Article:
Anne L. Coleman, MD, PhD, Fran & Ray Stark Foundation Professor of Ophthalmology, UCLA Stein Eye Institute
Dr. Anne L. Coleman is the President of the American Academy of Ophthalmology and Director of the Academy’s H. Dunbar Hoskins, Jr., MD Center for Quality of Eye Care. Dr. Coleman is the Fran and Ray Stark Foundation Professor of Ophthalmology in the David Geffen School of Medicine at UCLA as well as Professor of Epidemiology in the UCLA Jonathan Karin Fielding School of Public Health. She is Vice-Chair for Academic Affairs for the Department of Ophthalmology and Director of the Stein Eye Institute Center for Community Outreach and Policy. In 2019 she was awarded the Bonnie Strickland Champion for Children’s Vision Award by the National Center for Children’s Vision and Eye Health at Prevent Blindness.
Shefa Gordon, PhD, Associate Director for Science Policy and Legislation, National Eye Institute, NIH
Shefa Gordon is the Associate Director for Science Policy and Legislation at the National Eye Institute. As the Director of the NEI Office of Program Planning and Analysis (OPPA), he leads planning, reporting, portfolio analysis, and legislative activities in vision research. His office is responsible for disease coding, scientific writing, developing annual Congressional budget justifications and Hearing testimony, and public health initiatives such as Healthy People 2030, and collecting evidence for the US Preventive Services Task Force. He co-led the NEI 2012 planning process, which ultimately segued into the NEI Audacious Goals Initiative. In response to a Congressional directive, he co-led creation of the NEI 3D Retinal Organoid Challenge Competition. He also served on an NIH advisory board to create a high school curriculum supplement teaching Evolution in Medicine.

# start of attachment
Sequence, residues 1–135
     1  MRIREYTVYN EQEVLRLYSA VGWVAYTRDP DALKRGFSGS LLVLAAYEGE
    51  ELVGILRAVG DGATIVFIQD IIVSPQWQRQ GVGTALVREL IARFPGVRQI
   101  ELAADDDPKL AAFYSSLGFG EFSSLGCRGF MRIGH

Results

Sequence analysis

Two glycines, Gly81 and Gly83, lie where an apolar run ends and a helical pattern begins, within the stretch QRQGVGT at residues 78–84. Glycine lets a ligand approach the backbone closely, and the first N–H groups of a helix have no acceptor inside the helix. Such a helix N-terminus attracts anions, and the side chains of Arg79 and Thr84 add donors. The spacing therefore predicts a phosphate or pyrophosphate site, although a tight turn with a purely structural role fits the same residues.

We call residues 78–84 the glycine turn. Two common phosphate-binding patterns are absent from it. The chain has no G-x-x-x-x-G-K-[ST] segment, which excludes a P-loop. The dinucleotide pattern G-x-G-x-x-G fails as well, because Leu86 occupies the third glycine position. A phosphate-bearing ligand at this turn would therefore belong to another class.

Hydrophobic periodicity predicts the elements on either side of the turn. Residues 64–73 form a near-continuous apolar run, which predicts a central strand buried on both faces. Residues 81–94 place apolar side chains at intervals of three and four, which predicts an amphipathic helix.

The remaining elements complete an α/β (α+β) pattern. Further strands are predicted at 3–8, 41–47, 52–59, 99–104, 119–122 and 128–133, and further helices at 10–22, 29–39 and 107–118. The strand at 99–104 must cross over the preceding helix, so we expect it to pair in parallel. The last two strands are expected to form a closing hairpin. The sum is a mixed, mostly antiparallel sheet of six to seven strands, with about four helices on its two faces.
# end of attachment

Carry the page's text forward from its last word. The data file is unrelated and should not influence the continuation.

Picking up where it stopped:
Dr. Gordon has a BA in Biochemistry from Rice University. He then earned a PhD in Neuroscience at UC Berkeley, studying the connection between neural excitation and calcium regulation in asynchronous flight muscles in the fruit fly. He received a Presidential Management Fellowship to come to the NIH (National Institute of Diabetes and Digestive and Kidney Diseases) to conduct an evaluation of the Special Type 1 Diabetes Research Program, and also developed a strategic plan for type 1 diabetes research. He then served as a legislative fellow on the U.S. House Ways and Means Health Subcommittee, working on mental health and end-stage kidney disease policy.
Peter Holland, CEO, International Agency for the Prevention of Blindness
Peter Holland is IAPB’s Chief Executive. He has leadership experience in major organizations, including developing international policy, building effective partnerships, and tackling complex and controversial international issues. He joined IAPB from OPM Group, a UK-based research and engagement consultancy. Before that he led on strategy at the Royal National Institute of Blind People (RNIB). He previously worked for the UK’s Foreign and Commonwealth Office where he had a range of diverse roles including postings to India and senior policy positions on counter narcotics and Afghanistan, and international intellectual property policy. He began his career in the UK’s National Health Service, spending 10 years developing primary services in south London. Peter was a Harkness fellow in health services at the University of Washington in 1992/3.
Sayoko (Sy) E. Moroi, MD, PhD, Chair and Director of the Department of Ophthalmology and Visual Sciences, The Ohio State University Wexner Medical Center
Dr. Moroi is a board-certified and glaucoma fellowship-trained ophthalmologist. She is the chair of the Department of Ophthalmology & Visual Sciences at The Ohio State University. She has published on diverse topics that include pharmacology, glaucoma, genetics surgical outcomes, health services research, and public health topics. She is one of the senior editors and contributing author for the upcoming 7th edition Shields’ Textbook of Glaucoma. Her research focuses on three broad areas of precision medicine, technology, and interdisciplinary neurosensory mechanisms of falls. Her goal in precision medicine is to discover genetic markers that drive intraocular pressure variation and those that predict response to glaucoma medications. Her goal in technology applications, such as head-mounted display augmented reality, is to enhance vision. Her goal in neurosensory mechanisms is to mitigate falls by understanding the complex interplay between vision, balance and the aging musculoskeletal system on mobility. Through team-based research, Dr. Moroi’s hope is to prevent glaucoma-related blindness by improving glaucoma treatment outcomes.